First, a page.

THE SOFTWARE IS PROVIDED "AS IS" AND BRIAN SMITH AND THE AUTHORS DISCLAIM ALL WARRANTIES WITH REGARD TO THIS SOFTWARE INCLUDING ALL IMPLIED WARRANTIES OF MERCHANTABILITY AND FITNESS. IN NO EVENT SHALL BRIAN SMITH OR THE AUTHORS BE LIABLE FOR ANY SPECIAL, DIRECT, INDIRECT, OR CONSEQUENTIAL DAMAGES OR ANY DAMAGES WHATSOEVER RESULTING FROM LOSS OF USE, DATA OR PROFITS, WHETHER IN AN ACTION OF CONTRACT, NEGLIGENCE OR OTHER TORTIOUS ACTION, ARISING OUT OF OR IN CONNECTION WITH THE USE OR PERFORMANCE OF THIS SOFTWARE.
ring is focused on the implementation, testing, and optimization of a core set of cryptographic operations exposed via an easy-to-use (and hard-to-misuse) API. ring exposes a Rust API and is written in a hybrid of Rust, C, and assembly language.
Particular attention is being paid to making it easy to build and integrate ring into applications and higher-level frameworks, and to ensuring that ring works optimally on small devices, and eventually microcontrollers, to support Internet of Things (IoT) applications.
Most of the C and assembly language code in ring comes from BoringSSL, and BoringSSL is derived from OpenSSL. ring merges changes from BoringSSL regularly. Also, several changes that were developed for ring have been contributed to and integrated into BoringSSL.
See the documentation at https://docs.rs/ring/latest/ring/.
See BUILDING.md for instructions on how to build it. These instructions are especially important for cross-compiling and for building on Windows when not building from crates.io, as there are build prerequisites that need to be installed.
ring's benchmarks are located in the
benches folder of this repository. Because
there is lots of platform-specific code in ring, and because ring chooses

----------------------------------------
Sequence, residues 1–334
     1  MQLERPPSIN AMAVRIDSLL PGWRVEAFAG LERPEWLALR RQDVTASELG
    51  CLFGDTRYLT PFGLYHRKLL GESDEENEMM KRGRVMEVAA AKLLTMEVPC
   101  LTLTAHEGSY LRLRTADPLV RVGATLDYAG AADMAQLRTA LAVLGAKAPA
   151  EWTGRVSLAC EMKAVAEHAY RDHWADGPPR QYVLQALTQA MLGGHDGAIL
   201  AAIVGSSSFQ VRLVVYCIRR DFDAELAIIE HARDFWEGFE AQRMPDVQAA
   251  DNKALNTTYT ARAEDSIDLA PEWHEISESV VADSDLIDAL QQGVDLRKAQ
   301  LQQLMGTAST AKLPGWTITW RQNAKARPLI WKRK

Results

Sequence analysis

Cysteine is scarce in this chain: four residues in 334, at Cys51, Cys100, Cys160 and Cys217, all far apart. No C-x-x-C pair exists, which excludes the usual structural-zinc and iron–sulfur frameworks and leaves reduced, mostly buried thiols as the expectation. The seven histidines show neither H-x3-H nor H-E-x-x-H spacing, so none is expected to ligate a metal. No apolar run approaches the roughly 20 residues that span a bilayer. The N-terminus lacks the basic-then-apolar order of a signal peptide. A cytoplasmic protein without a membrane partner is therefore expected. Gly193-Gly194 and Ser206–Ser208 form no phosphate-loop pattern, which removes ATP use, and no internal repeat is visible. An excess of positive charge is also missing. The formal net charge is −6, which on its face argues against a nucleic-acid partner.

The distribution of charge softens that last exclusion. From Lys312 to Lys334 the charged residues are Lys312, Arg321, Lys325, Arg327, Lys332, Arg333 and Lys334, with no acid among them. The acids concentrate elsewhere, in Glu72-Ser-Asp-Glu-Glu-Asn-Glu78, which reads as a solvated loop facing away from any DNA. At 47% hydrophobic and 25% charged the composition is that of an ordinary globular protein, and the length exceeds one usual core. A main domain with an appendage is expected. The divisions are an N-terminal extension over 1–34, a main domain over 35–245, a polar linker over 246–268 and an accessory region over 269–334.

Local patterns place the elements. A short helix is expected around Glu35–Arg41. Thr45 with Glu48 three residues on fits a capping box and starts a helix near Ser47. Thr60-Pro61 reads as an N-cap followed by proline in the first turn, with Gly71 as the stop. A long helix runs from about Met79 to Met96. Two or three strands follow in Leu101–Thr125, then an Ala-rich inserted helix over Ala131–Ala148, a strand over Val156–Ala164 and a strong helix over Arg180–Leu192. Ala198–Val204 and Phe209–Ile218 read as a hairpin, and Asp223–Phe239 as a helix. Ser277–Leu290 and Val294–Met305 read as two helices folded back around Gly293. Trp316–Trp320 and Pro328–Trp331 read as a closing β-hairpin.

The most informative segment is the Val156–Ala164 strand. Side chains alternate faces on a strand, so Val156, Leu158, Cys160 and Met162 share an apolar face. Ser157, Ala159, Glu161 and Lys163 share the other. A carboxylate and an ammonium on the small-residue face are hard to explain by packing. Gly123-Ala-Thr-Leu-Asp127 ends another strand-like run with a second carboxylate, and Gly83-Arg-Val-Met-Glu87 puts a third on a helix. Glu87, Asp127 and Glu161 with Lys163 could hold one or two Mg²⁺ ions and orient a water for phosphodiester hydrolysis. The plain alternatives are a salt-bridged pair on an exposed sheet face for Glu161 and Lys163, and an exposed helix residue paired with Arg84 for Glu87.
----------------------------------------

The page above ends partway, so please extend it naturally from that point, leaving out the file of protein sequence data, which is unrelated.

dynamically at runtime which optimized implementation of each crypto primitive
to use, it is very difficult to publish a useful single set of benchmarks;
instead, you are highly encouraged to run the benchmarks yourselves on your
The most important contributions are uses of ring. That is, we're very interested in seeing useful things built on top of ring, like implementations of TLS, SSH, the Noise Protocol, etc.
The ring project happily accepts pull requests. The portions of pull requests that modify existing files must be licensed under the same terms as the files being modified. New files in pull requests, including in particular all Rust code, must be licensed under the ISC-style license. Please state that you agree to license your contributions in the commit messages of commits in pull requests by putting this at the bottom of your commit message:
I agree to license my contributions to each file under the terms given at the top of each file I changed.
Minimum Supported Rust Version (MSRV)
ring is tested on the latest Stable, Beta, and Nightly releases of Rust, as well as the oldest version known to work according to the tests run in CI. That oldest version known to work is documented as the MSRV in Cargo.toml.
Please see SECURITY.md for help on reporting security vulnerabilities.
Please report bugs that aren't security vulnerabilities either as pull requests or as issues in the issue tracker.